3 ways to use surveys to quickly figure out your next step when you don’t know what to do

How do you choose your next step? You’d like to do more of what’s working, but sometimes you’re not sure what parts of what you’re doing are working, or whether that pivot you’re considering might resonate with your target market, so you’re not sure what you should do more of or where to focus your efforts. In this post, I demonstrate three ways to use surveys to quickly get the data you need to make an informed next step.

What is a survey?

A survey is a research method that relies on gathering data in order to better understand something. Because the questionnaire is so frequently used as the sole data collection tool of a survey, the terms are often used interchangeably, but surveys can also employ interviews and focus groups.

Surveys don’t require long lists of questions. Depending on your goals, they can be as simple as a single question.

And that’s where I’m going to start – with a social media poll.

Survey #1: A Social Media Poll for Data Collection

I’m going to focus on the LinkedIn and Twitter platforms, both of which let you specify a single question with up to four options. You can run your poll for up to two weeks on LinkedIn, and up to seven days on Twitter. This is great when you want to get clear on how people are defining a concept, or you want to take a bead on interest on a certain topic. Just be sure you know what you want to do as a result of what you find out – so that your question and the responses are targeted towards that goal.

Suppose you’re wondering if you should write a book on a niche within your area of expertise, but you also want to plant a seed of interest for those that haven’t considered it before. You could ask a simple question like “Do you think recorded video is an important part of your sales funnel?” with options for Yes, No, and Not Sure.

Suppose instead you’re interested in how best to tailor your content generation efforts. This time the poll reads “If you could learn just one thing about using data for business, it would be how to….” with the following four options: Make better decisions, Improve processes, Tailor products & services, Other (please comment).

In situations like the latter, as a catch-all, I always like to leave the 4th option listed as “Other (please comment),” so I have room to collect the unexpected. Then, unless I’m asking for the best or top of most important thing from a list, in which case the options can overlap, I write the other three options to be mutually exclusive.

You’ll analyze these results not just in terms of the poll responses, but also in terms of “who” your respondents were and how representative you think they are of “who” you’re trying to assess. Polls like these can also be a way to get some ancillary data, like what kind of engagement you can expect from your network, what kind of reach you have, and what assumptions and biases you’re building into your approaches and questions and options.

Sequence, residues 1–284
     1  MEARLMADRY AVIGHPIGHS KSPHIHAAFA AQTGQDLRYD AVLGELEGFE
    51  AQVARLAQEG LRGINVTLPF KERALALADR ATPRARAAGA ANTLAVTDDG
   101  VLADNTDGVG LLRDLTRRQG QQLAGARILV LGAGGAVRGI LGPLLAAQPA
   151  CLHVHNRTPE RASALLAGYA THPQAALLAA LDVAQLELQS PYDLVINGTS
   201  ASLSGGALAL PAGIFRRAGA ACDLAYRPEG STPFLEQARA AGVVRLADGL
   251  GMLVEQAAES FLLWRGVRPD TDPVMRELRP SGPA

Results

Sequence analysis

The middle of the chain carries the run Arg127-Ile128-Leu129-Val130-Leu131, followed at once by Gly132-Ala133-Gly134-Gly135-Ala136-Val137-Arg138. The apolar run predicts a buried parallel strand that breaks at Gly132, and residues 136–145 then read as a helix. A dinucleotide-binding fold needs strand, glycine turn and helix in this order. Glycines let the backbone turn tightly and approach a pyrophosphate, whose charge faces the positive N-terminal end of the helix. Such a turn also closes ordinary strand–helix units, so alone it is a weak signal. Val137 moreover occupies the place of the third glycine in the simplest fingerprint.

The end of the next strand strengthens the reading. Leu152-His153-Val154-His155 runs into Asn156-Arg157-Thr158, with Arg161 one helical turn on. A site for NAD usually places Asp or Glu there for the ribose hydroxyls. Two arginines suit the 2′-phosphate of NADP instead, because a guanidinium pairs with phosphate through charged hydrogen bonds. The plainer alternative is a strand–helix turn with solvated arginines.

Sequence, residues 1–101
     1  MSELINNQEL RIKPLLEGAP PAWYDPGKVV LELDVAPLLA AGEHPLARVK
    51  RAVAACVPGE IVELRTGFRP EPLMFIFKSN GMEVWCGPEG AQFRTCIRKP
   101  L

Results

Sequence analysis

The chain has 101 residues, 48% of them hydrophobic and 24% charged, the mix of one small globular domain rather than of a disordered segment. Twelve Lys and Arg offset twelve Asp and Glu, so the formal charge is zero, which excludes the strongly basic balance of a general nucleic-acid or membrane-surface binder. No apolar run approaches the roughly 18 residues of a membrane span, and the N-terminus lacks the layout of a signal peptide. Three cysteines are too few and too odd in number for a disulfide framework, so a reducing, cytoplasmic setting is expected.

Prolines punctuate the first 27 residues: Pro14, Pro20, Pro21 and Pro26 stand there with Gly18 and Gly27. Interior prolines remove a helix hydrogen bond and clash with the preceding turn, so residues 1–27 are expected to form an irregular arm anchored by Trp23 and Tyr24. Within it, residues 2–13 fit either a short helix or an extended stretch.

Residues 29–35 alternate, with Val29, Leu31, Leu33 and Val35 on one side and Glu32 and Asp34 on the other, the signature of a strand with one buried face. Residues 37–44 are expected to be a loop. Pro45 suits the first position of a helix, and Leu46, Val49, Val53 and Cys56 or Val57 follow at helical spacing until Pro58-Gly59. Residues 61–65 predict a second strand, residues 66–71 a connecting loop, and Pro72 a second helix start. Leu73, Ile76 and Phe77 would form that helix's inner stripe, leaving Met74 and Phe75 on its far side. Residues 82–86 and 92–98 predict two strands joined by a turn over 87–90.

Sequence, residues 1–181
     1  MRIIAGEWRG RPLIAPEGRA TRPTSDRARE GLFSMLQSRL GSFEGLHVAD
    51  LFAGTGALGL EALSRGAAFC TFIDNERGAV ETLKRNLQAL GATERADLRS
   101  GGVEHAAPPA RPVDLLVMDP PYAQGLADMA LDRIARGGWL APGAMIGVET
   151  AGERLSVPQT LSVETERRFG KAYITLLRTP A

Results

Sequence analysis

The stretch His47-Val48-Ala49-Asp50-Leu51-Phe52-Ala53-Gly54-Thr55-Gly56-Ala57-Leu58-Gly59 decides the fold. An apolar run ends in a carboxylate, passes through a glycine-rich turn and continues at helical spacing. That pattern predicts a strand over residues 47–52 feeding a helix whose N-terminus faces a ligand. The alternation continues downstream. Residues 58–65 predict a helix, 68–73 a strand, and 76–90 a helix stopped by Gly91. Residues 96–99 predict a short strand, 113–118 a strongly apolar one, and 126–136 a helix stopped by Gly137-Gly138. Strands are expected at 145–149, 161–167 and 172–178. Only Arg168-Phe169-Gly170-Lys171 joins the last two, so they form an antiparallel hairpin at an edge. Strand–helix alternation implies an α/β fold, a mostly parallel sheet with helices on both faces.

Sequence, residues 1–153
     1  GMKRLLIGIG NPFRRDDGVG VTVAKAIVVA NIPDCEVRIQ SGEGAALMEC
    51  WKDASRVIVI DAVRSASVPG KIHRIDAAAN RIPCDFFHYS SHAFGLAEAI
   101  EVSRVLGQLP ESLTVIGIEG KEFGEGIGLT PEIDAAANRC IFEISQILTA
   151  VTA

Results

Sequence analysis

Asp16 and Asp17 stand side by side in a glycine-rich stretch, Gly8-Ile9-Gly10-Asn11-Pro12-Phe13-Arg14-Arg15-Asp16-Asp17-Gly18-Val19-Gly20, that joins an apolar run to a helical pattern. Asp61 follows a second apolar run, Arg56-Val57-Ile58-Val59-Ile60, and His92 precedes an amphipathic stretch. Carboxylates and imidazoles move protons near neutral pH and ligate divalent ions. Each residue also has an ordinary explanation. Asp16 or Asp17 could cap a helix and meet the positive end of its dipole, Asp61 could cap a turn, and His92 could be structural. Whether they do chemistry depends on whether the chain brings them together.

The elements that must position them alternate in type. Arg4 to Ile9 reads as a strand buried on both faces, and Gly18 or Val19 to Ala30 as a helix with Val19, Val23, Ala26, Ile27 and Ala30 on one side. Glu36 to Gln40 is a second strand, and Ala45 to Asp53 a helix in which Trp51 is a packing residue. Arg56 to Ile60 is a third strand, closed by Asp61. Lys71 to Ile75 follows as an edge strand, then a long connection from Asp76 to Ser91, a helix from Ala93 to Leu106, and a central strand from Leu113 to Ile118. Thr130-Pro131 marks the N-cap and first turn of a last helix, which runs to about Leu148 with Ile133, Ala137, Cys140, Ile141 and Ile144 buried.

Survey #2: Long Questionnaires for Data Collection

For the next survey, I’m going to jump to the other end of the spectrum and talk about long questionnaires. So that my survey doesn’t get caught up in bizarre technical difficulties, I like to implement longer questionnaires as a web form using something like Google Forms (opens in new tab). Instead of social media, I’ll use my email list to distribute the request for the survey, and use that to deliver a link button that takes respondents to the questionnaire. This will let me track who opens the email, who clicks on the survey, and then also who fills it out.

a graphical representation of an email list with an arrow pointing to a subset of email recipients clicking on the click me link, with a final arrow pointing to an even smaller subset of recipients who have submitted the online form

For longer form questionnaires like this one, it’s a good thing to make most of the questions optional, only requiring the one that’s really essential, like a Net Promoter Score, with only a few optional follow-up questions for more information. This way, the questionnaire doesn’t seem like a huge time burden for your respondents, and they’re more likely to respond. 

sample questionnaire containing a required NPS scale and an optional open-ended question for what did you like best

Survey #3: An Email Poll and a Long Questionnaire for Data Collection

As a final survey example, I’ll demonstrate a hybrid approach of a poll plus a longer questionnaire. Again, I distribute this one as an email. Instead of the email button just taking respondents to a longer questionnaire, the link buttons themselves serve as the first question, much like a poll. Responses to this poll then open a longer form follow-up questionnaire that’s 100% optional, and customized to the poll response.

As with the other surveys, this one provides a lot of ancillary data, like who opened the email, the initial (and required) response you’re looking for, and some optional follow-up for more nuance.

a single question for "Is this newsletter useful" followed by 3 mututally exclusive button options which each point to a distinct form filled out by different sets of recipients

Ready to design and use your own survey?

If you would like to talk to me about how to design and use surveys as part of your business strategies, you can schedule a Zoom meeting with me.

Barbara Olsafsky

Owner and Data Wrangler/Strategist

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